4. I have never been a bit fan of the reality tv. I saw a couple of episodes of Master Chef and found that the judges were as much a part of the show as the contestants. i thoroughly enjoyed the judges affirming people, providing positive feedback, and not degrading or putting down the contestants. I sincerely hope that The Apprentice does the same. If so I think it will be a credible show, affirming peoples ability to take on challenges and encouraging contestants to have a go, and ambition is not a dirty word. fingers X.

  5. @Ben: Thanks for posting those links and I got plenty of LOLs from some of the predictions (Ten will come 4th, this show will last 3 weeks, 600,000 viewers tops, etc etc etc! ) I guess hindsight is a wonderful thing

  6. I’m with Sean on this one. I loved Trump’s version and missed it when it was axed. I also liked the UK version even though we were only shown one series. So, if the Aussie version even comes close, I will be hooked. I love seeing how the tasks are handled, how the team members work with or against each other. I don’t always agree with who gets fired when they do – partly because they keep the interesting personalities in longer than their ability would warrant. Still, an interesting study of human nature if done properly.

  7. FreddySheppard

    Hi James – I think MasterChef was on terrestrial TV for a while, also think that the reason the UK version did not work here was due to the fact that viewers can not directly relate to the contestants, where-as here they will have an automatic connection.

  8. I will most likely watch it, even if it just for sociological reasons.

    You expect a certain type of person in the American series (i.e. Alpha males and females).

    There was one person in the British series that made it compelling viewing, just to make sure he didn’t win (he was a real tosser).

    It will be interesting to see what sort of person the Australian series throws up. Will we be unique in our business approach, or will we be a pale version of the Americans?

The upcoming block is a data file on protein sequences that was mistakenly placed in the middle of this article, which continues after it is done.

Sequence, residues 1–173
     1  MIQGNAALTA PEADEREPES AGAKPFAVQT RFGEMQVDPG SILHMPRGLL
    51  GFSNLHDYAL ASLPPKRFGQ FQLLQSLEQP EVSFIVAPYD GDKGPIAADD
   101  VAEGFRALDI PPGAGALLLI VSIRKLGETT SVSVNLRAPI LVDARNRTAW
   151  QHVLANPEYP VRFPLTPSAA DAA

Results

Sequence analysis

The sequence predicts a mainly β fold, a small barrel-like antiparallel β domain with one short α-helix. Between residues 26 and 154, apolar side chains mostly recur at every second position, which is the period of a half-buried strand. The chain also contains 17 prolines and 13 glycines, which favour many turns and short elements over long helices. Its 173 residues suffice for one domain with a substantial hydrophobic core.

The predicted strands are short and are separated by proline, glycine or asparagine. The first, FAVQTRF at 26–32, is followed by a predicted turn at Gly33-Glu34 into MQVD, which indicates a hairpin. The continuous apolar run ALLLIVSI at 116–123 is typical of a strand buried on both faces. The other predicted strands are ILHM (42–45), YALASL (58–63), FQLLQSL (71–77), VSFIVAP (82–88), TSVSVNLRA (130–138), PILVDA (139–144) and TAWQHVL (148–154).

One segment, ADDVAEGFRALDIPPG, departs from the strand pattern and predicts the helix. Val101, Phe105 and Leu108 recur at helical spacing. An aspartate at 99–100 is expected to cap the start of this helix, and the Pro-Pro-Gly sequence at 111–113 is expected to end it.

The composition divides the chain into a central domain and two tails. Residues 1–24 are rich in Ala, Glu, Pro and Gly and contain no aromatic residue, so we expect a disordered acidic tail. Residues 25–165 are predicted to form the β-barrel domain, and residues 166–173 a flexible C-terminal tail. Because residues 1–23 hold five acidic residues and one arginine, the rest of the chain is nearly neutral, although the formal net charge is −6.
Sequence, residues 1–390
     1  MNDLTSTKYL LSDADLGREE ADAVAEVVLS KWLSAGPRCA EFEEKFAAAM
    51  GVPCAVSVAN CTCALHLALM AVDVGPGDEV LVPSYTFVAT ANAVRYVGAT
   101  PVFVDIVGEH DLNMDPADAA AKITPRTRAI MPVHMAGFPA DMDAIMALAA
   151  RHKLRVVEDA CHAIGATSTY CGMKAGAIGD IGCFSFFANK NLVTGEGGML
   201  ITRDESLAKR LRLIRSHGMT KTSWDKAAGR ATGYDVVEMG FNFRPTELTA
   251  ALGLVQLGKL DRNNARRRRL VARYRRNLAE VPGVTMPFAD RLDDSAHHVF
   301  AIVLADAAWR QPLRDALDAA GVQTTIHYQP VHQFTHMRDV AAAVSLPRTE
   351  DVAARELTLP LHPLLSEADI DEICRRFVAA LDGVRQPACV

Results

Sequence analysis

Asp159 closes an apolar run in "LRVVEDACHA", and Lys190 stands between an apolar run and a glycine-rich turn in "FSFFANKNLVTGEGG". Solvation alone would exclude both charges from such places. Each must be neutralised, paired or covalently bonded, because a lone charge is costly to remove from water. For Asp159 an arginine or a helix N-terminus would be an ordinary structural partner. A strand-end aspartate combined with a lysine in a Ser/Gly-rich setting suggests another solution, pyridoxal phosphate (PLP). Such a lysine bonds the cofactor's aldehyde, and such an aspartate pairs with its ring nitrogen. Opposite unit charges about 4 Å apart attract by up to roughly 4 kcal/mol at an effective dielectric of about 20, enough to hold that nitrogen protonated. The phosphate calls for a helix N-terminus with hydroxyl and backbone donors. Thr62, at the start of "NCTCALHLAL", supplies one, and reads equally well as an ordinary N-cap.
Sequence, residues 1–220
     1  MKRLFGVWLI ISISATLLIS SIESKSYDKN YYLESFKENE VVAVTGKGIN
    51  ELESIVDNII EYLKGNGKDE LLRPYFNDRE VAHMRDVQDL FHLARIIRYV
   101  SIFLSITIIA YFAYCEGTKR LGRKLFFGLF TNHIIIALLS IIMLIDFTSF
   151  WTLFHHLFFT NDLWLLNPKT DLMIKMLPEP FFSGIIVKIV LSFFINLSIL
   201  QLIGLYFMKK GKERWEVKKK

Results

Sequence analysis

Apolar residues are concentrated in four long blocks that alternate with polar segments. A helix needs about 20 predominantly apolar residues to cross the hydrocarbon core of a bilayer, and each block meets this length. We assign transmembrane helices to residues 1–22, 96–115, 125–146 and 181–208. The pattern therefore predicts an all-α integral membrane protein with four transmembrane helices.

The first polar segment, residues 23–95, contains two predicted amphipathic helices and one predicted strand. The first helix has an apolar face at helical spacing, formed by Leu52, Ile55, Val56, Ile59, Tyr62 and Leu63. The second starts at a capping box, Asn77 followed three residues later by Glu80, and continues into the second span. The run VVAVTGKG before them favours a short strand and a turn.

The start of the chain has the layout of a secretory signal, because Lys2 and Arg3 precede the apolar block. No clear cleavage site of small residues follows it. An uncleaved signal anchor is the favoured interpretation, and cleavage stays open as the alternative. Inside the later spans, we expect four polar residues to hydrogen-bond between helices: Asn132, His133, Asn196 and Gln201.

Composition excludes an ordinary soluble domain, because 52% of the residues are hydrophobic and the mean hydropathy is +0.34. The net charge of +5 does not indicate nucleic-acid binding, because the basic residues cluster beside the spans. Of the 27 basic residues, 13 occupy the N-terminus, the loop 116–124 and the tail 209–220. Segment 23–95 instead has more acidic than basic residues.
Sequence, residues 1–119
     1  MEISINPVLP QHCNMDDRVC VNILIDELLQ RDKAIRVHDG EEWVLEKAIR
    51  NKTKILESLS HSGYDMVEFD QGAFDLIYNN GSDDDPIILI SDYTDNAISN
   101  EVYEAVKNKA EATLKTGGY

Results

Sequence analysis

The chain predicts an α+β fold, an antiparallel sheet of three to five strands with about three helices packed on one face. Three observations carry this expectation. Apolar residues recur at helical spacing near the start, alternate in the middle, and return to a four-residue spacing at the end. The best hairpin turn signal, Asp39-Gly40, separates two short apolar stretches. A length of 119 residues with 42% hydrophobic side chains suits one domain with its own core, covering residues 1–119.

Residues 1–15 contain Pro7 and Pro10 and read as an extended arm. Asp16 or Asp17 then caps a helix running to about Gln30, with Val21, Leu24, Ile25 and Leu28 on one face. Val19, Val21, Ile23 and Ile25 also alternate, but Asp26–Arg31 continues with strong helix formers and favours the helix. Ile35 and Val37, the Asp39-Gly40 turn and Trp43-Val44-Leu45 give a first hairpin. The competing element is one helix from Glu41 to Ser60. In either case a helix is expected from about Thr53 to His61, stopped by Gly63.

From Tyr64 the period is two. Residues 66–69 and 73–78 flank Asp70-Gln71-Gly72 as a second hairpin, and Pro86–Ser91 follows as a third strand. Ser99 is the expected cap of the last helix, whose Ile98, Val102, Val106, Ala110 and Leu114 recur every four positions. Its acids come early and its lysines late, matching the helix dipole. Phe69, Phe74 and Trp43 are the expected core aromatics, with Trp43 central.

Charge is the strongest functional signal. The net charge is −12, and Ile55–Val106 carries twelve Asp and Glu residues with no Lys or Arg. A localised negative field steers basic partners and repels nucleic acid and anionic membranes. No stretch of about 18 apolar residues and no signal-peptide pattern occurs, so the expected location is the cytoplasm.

I generally get some insight into business practice, especially at the big end of town, from each episode. So count me in.

  9. Ben – the biggest difference between Masterchef and The Apprentice is that the UK version or Masterchef had never been tested in primetime and the Apprentice franchise has. I doubt whether many who watched the Australian Masterchef would have have ever seen the Masterchef concept before – as I recall Channel Seven were showing episodes of the UK version at 4pm on weekdays in the afternoon and I don’t think it was that successful…or widely watched!

    I actually recall a lot of people responding fairly well when the Australian version started this year and i think many thought it was fresh, innovative and with a good cross section of people. I accept their were critics as well.

    My point about the Apprentice is that it has been tested here before. The US version was screened numerous times to dwindling ratings in this country and the UK version lasted barely three weeks in prime time before being dumped to 11pm at night…hardly a ratings winner!

    I will wait and see what this version is like but can you imagine in a climate when unemployment is on the way up and people are losing their jobs that they want to be reminded of words like ‘Your fired!!!” And who wants to see people in lucrative jobs anyway, living it up in a luxury pad and vying for an even better job when a lot of people are out there struggling to gain work. The timing is all wrong.